The dog days of summer are here! As families try to make one last road trip before it's time to head back to school, we're sharing a few tips to make sure those adventures go off without a hitch... Unless, of course, you've got a trailer hooked to one!
#1) Start with a Tuneup:
If you're taking an extended road trip, make sure your car is in tip-top shape. If it's almost time for a scheduled maintenance or oil change, make a visit to your trusted mechanic and get it done before your vacay to reduce the chance of breakdowns along the way.
If you're a do-it-yourselfer, you should check and fill your fluids, including engine oil, radiator coolant, transmission fluid, brake fluid, power steering fluid, and windshield washer fluid. Check the ground around and under your car for drips; these could warn of small leaks before they can cause big trouble on the road.
Don't forget to also check belts, hoses, and wiper blades. A worn or loose belt can cause the engine to overheat. A cracked belt or a hose that is unusually soft or hard needs replacement.
Improper inflation can lead to overheating and blowouts, so ensure your tires are properly inflated (including the spare) according to your owner's manual or the placard inside the doorjamb. This is of even more concern when road temperatures are extremely high. Make certain you have plenty of tread and no unusual wear on the tires.
Summer heat is actually the number one cause of battery failure and reduced battery life. To ensure easy starts along the trip, make sure the battery cables are clean and have a tight connection to battery terminals. Dirty, loose connections limit the flow of current and are a common cause of battery issues.
#2) Don't Overheat:
Overheating is the leading cause of preventable breakdowns and one of the main areas where prevention is much cheaper than the cure. Watch your car's temperature gauge as you travel, especially if you're stuck in stop-and-go traffic, or traveling through particularly hot climates. Keep an eye on the temperature warning light on your instrument panel: If it starts flashing, it means that the engine's temperature is above acceptable levels and you need to pull over and give the car a rest. Turn off your air conditioner, roll down your windows, and turn on your car's heater (this will pull some of the heat from the engine into the passenger compartment and may keep your car from overheating). If you continue to drive, the engine may suffer serious damage that could cost a lot to repair. (Not to mention, really mess with your family's plans!)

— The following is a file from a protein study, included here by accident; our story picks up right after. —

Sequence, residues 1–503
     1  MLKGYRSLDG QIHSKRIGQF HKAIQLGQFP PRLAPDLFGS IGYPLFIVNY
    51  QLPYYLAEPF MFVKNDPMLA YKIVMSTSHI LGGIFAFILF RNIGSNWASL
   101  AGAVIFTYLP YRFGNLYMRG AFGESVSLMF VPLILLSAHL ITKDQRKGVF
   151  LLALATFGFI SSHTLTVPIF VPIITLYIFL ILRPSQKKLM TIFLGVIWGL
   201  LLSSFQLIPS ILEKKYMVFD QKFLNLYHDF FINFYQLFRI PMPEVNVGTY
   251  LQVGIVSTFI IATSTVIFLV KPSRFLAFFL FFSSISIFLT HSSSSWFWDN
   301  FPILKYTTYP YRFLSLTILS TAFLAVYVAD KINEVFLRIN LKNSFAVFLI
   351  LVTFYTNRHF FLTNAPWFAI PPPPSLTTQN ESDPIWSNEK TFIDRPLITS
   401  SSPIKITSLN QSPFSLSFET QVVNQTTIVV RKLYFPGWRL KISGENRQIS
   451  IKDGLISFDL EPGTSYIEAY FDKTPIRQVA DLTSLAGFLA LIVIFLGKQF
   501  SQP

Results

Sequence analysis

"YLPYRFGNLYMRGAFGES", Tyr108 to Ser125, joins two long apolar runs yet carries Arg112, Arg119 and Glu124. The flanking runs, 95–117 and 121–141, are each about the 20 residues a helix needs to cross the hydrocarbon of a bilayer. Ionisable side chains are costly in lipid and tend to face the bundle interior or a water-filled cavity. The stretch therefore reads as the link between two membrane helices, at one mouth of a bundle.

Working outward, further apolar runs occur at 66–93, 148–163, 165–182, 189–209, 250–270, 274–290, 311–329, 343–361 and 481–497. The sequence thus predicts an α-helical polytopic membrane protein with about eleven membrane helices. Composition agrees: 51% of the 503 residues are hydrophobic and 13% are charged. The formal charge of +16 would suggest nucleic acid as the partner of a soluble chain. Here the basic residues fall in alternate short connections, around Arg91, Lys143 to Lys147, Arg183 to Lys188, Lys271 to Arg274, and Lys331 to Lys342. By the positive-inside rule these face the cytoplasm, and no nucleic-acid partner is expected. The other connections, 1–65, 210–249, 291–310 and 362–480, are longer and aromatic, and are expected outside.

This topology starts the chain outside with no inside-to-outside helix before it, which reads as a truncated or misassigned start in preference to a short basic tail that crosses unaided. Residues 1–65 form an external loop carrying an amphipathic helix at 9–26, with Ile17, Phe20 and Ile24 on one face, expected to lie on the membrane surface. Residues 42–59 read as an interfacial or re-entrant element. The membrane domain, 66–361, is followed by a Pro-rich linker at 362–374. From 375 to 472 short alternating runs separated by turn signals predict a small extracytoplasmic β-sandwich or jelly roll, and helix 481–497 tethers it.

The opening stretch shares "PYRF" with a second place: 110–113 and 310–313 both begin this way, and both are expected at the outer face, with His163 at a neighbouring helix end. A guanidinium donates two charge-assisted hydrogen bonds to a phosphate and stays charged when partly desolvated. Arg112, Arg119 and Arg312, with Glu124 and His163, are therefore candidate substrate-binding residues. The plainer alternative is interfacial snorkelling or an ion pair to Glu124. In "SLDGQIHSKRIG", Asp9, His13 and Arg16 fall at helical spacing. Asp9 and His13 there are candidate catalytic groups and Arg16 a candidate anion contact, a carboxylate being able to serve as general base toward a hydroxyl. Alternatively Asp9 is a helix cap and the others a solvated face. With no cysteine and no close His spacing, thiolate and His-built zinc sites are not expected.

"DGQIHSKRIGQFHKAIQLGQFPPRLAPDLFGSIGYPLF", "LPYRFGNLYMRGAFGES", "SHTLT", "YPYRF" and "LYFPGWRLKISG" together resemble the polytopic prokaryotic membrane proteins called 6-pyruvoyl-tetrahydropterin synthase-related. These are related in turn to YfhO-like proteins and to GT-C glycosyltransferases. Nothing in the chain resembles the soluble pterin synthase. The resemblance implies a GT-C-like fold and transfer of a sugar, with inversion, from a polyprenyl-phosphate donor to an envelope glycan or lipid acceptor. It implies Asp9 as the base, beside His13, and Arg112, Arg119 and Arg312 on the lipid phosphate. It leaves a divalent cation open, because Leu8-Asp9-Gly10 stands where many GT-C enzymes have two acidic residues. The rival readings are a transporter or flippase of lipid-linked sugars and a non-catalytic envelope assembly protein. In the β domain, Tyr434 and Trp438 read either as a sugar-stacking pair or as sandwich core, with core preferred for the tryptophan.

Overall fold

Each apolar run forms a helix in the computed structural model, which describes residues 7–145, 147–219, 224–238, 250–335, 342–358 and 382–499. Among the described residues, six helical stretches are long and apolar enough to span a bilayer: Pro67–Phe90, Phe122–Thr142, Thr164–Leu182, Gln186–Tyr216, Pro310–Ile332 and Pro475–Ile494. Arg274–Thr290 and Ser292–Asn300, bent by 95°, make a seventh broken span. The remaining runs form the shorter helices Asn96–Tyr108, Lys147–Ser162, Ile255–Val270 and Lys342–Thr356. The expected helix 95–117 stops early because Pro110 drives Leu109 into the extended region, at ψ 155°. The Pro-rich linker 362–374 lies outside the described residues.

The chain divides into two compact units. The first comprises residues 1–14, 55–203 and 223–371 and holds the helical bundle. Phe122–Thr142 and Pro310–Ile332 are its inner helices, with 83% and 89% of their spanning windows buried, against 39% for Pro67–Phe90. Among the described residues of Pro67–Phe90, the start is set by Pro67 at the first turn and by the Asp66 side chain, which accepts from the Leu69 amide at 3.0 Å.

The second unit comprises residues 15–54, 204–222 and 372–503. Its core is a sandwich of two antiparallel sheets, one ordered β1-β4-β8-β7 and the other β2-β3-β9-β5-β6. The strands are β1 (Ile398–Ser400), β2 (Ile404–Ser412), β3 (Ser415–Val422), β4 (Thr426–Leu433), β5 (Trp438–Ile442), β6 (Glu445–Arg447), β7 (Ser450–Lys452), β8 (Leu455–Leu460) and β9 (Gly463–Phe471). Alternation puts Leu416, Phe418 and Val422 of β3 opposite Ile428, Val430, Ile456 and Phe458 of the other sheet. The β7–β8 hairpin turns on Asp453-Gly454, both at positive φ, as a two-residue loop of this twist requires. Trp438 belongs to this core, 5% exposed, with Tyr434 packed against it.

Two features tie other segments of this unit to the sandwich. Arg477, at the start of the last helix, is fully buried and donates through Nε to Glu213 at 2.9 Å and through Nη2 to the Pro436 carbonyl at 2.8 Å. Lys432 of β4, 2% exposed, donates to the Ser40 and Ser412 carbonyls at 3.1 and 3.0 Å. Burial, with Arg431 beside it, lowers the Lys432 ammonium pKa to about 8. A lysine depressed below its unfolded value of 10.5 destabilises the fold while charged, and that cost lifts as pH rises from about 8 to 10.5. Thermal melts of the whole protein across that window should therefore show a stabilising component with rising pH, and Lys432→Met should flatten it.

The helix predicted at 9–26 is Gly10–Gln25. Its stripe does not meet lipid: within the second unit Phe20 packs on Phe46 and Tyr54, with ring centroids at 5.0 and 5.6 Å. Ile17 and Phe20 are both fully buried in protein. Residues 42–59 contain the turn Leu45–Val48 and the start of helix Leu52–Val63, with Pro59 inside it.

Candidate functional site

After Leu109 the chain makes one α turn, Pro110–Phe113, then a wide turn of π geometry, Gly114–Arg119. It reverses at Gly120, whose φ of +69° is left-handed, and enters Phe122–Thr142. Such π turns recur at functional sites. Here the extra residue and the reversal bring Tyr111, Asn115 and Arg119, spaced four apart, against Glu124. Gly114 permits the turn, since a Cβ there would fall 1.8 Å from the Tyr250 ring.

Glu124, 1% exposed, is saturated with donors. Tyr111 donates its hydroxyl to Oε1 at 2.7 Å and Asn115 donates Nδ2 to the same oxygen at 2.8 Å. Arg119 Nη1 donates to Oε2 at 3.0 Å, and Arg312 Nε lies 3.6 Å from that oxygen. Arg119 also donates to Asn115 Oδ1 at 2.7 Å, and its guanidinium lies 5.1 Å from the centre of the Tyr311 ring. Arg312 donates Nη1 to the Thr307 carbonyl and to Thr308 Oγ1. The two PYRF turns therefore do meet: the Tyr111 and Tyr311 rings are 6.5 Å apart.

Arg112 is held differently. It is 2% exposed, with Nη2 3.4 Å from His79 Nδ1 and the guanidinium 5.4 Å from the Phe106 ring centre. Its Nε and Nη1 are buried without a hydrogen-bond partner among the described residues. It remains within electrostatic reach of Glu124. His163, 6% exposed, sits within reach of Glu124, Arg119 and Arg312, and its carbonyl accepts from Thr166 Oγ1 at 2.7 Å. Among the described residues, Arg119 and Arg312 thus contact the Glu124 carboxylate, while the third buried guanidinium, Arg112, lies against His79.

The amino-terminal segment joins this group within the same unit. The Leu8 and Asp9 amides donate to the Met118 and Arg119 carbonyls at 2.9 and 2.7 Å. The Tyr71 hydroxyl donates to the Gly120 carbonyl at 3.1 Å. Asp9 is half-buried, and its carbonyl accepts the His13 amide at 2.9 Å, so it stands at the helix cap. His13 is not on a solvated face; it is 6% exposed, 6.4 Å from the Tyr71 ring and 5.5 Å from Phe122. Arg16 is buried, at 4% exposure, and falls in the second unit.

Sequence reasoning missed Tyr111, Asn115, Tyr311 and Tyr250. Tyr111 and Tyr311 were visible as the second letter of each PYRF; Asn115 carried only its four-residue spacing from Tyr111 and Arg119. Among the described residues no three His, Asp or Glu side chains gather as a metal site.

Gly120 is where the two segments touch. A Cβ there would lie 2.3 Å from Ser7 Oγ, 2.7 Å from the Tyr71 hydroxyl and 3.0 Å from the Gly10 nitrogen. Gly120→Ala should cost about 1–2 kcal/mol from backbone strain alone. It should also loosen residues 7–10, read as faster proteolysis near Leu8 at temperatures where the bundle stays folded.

Speaking of overheating, you don't want your passengers to overheat, either! Be sure to pack plenty of drinks for your family, so passengers don't get dehydrated along the way. Start the trip with a cooler full of frozen water bottles: They'll help keep your food cold, can be re-frozen in most hotel fridges overnight, and provide refreshing drinks for your passengers as they thaw.
#3) Be Prepared:
Keep an emergency kit stowed somewhere you can reach without getting out of the car. You can purchase a ready-made kit or create your own with these items:
•First aid supplies
•Fire extinguisher and jumper cables
•Tire gauge and foam tire sealant
•Flashlight and batteries; a solar cell-phone charger is also particularly handy.
•Gloves and duct tape
•Rain poncho & blanket (Yes, you can be surprised by rain! Have you ever been out in one of Florida's August afternoon rain storms?)
•Water & non-perishable snacks, as well as spare baby supplies like diapers and formula if you have an infant.
•Multi-purpose tool (Swiss Army knife, for example)
•Gallon-size plastic bags for trash. If you're traveling with kids, keep a couple in the glovebox in case of car sickness.
Summertime road trips can be great fun--there’s nothing better than watching the countryside pass by as you leave your home, daily life, and troubles behind. Keep these tips in mind before you head out so you can prevent car trouble during your travels.